Abstract art in photography does not attempt to represent external reality. Photography artists instead find shapes, patterns, colors, and textures for their visually stimulating photographs. This body of work in essence attempts to separate or withdraw something from something else like, for example, the intricate patterns of reptilian skin or the shapes and colors of rough seas or volcanoes.
Abstract photography is vastly creative, strongly individualistic, and open to interpretation. Perhaps most importantly, it allows photography artists the freedom to explore their imagination.
The question I most often receive about abstract photography typically has to do with the practical nuts and bolts aspect of how to see the subject being considered in an abstract way. Interestingly, this is perhaps the most difficult element of the craft for this genre. I usually approach it by just allowing myself to be taken in by a scene or subject I’m exploring and seeing what sensations, emotions, and memories emerge without any expectations. While doing this, I’ll search for color-interaction and visually impactful textures and patterns. Most importantly, I’ll take my time and give myself the freedom to allow the scene “to speak to me” no matter how absurd it may at first seem or how many strange looks I get as I stare, for example, at the reflections in a puddle.
In the end, abstract photography is akin to meditation as it usually gives back more than expected, opening one’s mind to a different realm of possibilities which are at first unseen. This is why I consider it one of the crown jewels of photography.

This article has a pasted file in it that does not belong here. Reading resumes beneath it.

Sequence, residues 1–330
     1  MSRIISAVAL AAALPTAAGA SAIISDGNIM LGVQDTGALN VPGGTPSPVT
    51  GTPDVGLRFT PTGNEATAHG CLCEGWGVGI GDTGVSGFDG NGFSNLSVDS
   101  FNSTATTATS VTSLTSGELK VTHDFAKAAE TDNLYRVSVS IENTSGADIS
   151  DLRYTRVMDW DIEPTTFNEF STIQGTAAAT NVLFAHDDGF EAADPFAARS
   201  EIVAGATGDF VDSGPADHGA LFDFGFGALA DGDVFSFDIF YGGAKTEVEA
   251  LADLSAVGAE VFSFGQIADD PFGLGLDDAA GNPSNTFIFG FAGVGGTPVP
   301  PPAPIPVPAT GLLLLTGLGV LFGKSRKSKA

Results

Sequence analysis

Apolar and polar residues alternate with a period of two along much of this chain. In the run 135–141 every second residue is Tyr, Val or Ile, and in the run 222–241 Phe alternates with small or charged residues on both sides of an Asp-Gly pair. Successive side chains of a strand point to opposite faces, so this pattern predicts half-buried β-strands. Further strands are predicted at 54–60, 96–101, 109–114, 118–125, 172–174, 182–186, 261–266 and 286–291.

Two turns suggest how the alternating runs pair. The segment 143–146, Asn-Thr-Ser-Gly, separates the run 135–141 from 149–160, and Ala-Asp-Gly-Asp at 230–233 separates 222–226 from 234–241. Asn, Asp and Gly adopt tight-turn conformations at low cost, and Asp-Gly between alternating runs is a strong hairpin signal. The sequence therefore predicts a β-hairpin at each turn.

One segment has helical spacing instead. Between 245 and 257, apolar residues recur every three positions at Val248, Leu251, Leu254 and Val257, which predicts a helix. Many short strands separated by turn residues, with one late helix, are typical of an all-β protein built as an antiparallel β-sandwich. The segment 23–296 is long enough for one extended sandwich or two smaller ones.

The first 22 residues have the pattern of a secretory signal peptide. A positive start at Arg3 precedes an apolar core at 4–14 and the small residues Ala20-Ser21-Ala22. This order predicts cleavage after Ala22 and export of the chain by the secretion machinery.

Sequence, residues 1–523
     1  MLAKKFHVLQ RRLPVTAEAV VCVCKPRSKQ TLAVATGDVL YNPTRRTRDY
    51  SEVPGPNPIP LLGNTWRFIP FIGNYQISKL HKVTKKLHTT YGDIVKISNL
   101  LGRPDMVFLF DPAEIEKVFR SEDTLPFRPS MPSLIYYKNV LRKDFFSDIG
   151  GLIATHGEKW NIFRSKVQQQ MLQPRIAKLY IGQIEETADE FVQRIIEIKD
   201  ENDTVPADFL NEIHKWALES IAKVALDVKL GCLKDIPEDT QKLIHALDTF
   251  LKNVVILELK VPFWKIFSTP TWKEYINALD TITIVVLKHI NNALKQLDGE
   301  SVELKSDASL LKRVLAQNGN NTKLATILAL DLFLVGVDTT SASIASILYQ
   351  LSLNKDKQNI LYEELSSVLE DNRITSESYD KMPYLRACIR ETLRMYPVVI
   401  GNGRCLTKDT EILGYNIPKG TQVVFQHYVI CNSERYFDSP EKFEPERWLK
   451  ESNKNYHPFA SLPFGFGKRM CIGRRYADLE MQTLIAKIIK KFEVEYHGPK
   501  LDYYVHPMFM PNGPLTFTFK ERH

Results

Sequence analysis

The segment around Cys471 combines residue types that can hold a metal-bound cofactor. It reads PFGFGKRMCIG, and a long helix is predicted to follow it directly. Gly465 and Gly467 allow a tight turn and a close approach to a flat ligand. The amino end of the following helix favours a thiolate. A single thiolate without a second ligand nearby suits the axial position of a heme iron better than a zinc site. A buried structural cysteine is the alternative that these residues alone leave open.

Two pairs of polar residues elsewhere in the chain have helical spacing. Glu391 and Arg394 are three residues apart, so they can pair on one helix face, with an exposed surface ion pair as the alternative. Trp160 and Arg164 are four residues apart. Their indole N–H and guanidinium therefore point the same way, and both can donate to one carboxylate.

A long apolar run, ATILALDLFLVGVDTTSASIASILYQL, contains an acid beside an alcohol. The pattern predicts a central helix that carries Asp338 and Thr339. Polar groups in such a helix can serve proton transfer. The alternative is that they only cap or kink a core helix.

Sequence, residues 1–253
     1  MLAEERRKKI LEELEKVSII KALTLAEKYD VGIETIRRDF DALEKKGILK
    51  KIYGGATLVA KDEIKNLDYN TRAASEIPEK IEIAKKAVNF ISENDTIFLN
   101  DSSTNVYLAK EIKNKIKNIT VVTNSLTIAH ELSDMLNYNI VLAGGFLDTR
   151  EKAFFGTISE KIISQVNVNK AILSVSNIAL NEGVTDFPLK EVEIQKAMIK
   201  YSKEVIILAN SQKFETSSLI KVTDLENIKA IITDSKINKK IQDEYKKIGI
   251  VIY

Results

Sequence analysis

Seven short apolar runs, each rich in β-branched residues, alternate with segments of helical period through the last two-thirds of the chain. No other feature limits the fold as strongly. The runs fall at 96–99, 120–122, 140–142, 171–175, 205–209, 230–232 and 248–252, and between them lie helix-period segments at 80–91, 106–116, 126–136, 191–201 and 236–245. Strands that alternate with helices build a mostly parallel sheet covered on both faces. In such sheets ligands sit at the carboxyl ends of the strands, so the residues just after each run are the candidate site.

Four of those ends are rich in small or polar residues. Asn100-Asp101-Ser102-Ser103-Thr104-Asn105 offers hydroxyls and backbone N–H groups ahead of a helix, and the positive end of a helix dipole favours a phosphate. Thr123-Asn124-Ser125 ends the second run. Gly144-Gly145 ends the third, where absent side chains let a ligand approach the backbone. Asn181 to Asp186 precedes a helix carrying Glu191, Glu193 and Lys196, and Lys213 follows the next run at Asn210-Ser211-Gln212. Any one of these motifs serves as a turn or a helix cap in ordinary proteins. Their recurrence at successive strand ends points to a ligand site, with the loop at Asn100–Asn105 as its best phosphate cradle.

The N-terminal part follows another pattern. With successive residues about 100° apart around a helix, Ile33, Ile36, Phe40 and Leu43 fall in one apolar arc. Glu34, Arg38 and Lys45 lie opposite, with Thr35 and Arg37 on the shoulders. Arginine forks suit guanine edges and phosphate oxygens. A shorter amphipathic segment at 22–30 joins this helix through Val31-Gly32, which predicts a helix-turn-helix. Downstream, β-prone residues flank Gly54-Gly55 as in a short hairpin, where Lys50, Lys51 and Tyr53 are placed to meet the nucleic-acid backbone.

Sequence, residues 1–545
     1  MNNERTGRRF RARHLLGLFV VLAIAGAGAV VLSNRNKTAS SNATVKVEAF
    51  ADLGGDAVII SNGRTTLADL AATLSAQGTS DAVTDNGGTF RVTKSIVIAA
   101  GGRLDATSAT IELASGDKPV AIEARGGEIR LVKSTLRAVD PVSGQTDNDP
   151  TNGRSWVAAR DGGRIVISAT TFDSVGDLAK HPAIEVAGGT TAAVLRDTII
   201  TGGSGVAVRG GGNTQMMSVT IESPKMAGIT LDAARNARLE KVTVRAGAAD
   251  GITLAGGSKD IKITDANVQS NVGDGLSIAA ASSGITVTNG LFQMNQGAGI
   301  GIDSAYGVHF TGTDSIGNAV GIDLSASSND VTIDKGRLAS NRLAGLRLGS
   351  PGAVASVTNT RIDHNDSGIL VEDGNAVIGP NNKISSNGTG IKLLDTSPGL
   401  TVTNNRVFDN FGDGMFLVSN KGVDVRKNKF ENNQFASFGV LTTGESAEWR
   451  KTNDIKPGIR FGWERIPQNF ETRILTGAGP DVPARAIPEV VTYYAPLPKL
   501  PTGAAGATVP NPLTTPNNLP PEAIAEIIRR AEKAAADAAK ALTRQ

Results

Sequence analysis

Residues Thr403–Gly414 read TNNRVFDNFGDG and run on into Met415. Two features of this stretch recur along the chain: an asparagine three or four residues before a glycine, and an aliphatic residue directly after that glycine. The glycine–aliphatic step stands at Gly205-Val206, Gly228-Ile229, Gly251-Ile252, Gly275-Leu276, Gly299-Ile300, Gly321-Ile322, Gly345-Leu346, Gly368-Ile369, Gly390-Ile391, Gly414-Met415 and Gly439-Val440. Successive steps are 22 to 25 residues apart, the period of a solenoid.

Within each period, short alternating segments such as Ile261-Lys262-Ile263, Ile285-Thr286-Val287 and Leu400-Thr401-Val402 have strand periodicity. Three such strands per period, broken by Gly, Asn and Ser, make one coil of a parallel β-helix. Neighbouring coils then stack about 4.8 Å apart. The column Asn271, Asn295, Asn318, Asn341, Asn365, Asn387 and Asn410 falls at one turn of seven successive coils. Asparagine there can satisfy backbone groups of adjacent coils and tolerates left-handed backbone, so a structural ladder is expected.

About the Images
The first image presents the flowing patterns and colors of the rough seas in the North Atlantic Bay of Fundy in New Brunswick, Canada. The second image highlights an aerial view of Wyoming’s Grand Prismatic Geothermal Spring. The third is an award-winning image which reveals the intricate patterns, colors, and textures of a Florida iguana during its breeding season. All three are part of an abstract photography series I worked on for Earth Aperture Natural World Imagery. My kit for this assignment included Nikon bodies, Nikkor glass, RRS and Gitzo tripods, Breakthrough Photography filters, G-Tech SSD drives, Adobe and Nik software, and DJI drones.
About the Author
Brian Rivera Uncapher is a U.S. based natural world photographer specializing in photographic techniques that include panning, long exposure/filter combinations, and subject/environment relationships. If you would like to see more of his work, visit his website and follow him on Instagram and Twitter. This article was also published here and shared with permission.